Esther Hill Hawks and her husband Milton are in their way typical exemplars of what historian Allan Nevins termed the pulse of reform that beat so strongly in mid-19th-century America. Born in New Hampshire of solid New England stock, they were committed to a lifetime of causes, most notably the abolition of slavery. Milton was a doctor in practice in Manchester, N.H., when they married in 1854. They spent the first months of their marriage in Florida, where Esther taught at a school for black children -- risking imprisonment had complaint been made -- and read her husband's medical texts. In 1857, having completed the required 34 weeks of study, she graduated from the New England Female Medical College in Boston. A pioneer in the tiny cadre of women doctors, she opened a practice in Manchester while continuing to be, a friend recalled, "a pronounced anti-slavery agitator."
With the coming of the Civil War, Esther Hawks hurried to Washington to offer her services. Nursing was as close as she could come to utilizing her medical skills, but even in that she was disappointed. Dorothea L. Dix, superintendent of nurses, considered her too young (she was 28) and too attractive to be in such close proximity to soldiers, sick or wounded though they might be. Hawks contented herself with volunteer work as a hospital orderly, extending her services to the wretched camps where runaway slaves were put while the government tried to figure out what to do with this new kind of war contraband.
There was a similar situation in the Sea Islands, off the South Atlantic coast. In November 1861 the federal navy seized a base for its blockading squadron at Port Royal Sound, S.C., and immediately became host to thousands of abandoned and runaway blacks. Milton Hawks went to the Sea Islands in the spring of 1862 to minister to this population. Six months later he became an army surgeon in the 1st South Carolina, the first black regiment recruited from among slaves. Soon afterward Esther joined him. She came as a teacher employed by a private agency to bring education, one of her students wrote, to those previously denied "all larning and lost from all of the enjoyment of this life. . . ."
Esther Hawks kept a diary to the end of the war and well into Reconstruction, detailing her life, mostly as a teacher, in the Sea Islands, in Florida and finally in Charleston. Its fate was unknown until 1975, when it was discovered in an apartment undergoing renovation in Essex County, Mass., where she had spent the last years of her life. Gerald Schwartz, professor of history at Western Carolina University, has transcribed and annotated the diary, skillfully outlined the lives of Esther and Milton Hawks before and after the war and titled it "A Woman Doctor's Civil War: Esther Hill Hawks' Diary."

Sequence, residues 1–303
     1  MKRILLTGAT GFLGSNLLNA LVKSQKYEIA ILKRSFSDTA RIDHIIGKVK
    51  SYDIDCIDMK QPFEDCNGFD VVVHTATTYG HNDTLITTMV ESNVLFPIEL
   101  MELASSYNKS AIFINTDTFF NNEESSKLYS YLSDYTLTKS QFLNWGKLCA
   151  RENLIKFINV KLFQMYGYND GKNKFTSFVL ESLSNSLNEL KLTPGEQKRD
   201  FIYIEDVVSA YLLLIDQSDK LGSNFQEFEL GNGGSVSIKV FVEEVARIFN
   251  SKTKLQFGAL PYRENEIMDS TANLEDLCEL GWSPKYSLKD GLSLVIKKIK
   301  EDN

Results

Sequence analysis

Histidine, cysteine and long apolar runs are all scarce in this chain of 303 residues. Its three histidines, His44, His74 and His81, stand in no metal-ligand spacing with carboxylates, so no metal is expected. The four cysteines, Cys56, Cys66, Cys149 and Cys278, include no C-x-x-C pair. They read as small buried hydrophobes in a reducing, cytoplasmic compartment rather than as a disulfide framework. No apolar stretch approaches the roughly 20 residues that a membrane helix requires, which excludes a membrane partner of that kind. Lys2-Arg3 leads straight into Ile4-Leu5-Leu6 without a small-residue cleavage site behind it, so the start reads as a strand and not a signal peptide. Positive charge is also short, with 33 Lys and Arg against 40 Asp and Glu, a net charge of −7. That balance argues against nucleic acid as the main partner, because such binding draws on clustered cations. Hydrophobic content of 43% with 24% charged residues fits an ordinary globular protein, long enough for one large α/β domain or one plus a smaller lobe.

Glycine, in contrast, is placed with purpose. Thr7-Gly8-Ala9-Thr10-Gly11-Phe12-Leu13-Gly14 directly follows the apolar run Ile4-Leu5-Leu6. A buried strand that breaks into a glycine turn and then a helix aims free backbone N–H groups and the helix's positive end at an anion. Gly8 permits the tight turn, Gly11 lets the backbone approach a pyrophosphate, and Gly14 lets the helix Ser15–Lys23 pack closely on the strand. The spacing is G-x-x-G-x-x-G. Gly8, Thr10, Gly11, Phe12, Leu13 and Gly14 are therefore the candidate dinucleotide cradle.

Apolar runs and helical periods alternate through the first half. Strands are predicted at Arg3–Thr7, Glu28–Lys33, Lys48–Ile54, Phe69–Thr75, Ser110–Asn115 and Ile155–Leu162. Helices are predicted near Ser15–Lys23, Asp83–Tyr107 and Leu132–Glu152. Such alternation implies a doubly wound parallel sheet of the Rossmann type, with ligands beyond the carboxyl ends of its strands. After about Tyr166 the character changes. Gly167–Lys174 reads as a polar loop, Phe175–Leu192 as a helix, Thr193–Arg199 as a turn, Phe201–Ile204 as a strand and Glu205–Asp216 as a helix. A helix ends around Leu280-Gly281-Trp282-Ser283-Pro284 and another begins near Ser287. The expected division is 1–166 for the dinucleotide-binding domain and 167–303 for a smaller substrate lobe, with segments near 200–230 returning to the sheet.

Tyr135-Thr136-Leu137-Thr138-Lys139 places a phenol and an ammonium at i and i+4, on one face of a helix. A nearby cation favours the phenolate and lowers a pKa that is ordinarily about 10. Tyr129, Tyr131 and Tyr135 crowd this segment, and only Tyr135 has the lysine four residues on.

The title seems a promising one, but certain realities are soon apparent. Less than half the diary in fact deals with the Civil War, with the balance recording Esther Hawks' Reconstruction experiences to November 1866. The first 16 months of her wartime experience -- to February 1864 -- is described not in diary form but in a retrospective narrative that suggests she once intended publishing a memoir. This narrative lacks a diary's spontaneity and sometimes sags under its heavy Victorian prose. And Schwartz gives fair warning on the first page of his introduction: "The reader will detect that Dr. Esther Hawks at times devoted much space to personal trivia and comparatively little to details about her important medical and other achievements."
While much of this diary will appeal primarily to specialists, there are rewards for the persevering general reader. There are interesting descriptions of travel in wartime America and of Charleston in the first months of peace. Hawks is unsparing of the abuses of federal occupation troops and of the failings of Reconstruction policies. She writes candidly of the blind eye cast by even the best-intentioned whites toward slaves: "not looking at, or judging them as men and women -- capable of great improvement, but rather as a strange kind of anomaly neither brute or human . . ." She says disappointingly little about her role as a doctor, although she does note that for three weeks, in the absence of the regimental surgeons, she ran a hospital for black soldiers so well that headquarters never noticed the change. "I suppose I could not have done this . . . if the patients had been white men," she remarks. And Esther Hawks on the subject of equal pay for equal work, even among those devoted to the perfectability of mankind, has a decidedly modern ring.
She seldom speaks of what motivated her work. At one point, referring to her own childlessness, she wrote about how life is without "mother love -- dearer than all other!" and wonders "Why am I denied." Whether this explains her often expressed love for her students cannot be said, but what is beyond doubt is her total dedication. Schwartz quotes a letter sent to her by a black soldier she taught to read. She reminded him, the soldier wrote, "of the Saviour when he left high heaven and com down on earth to Save our lost and blind race . . ." If she did envision her charges as her children, they were grateful children.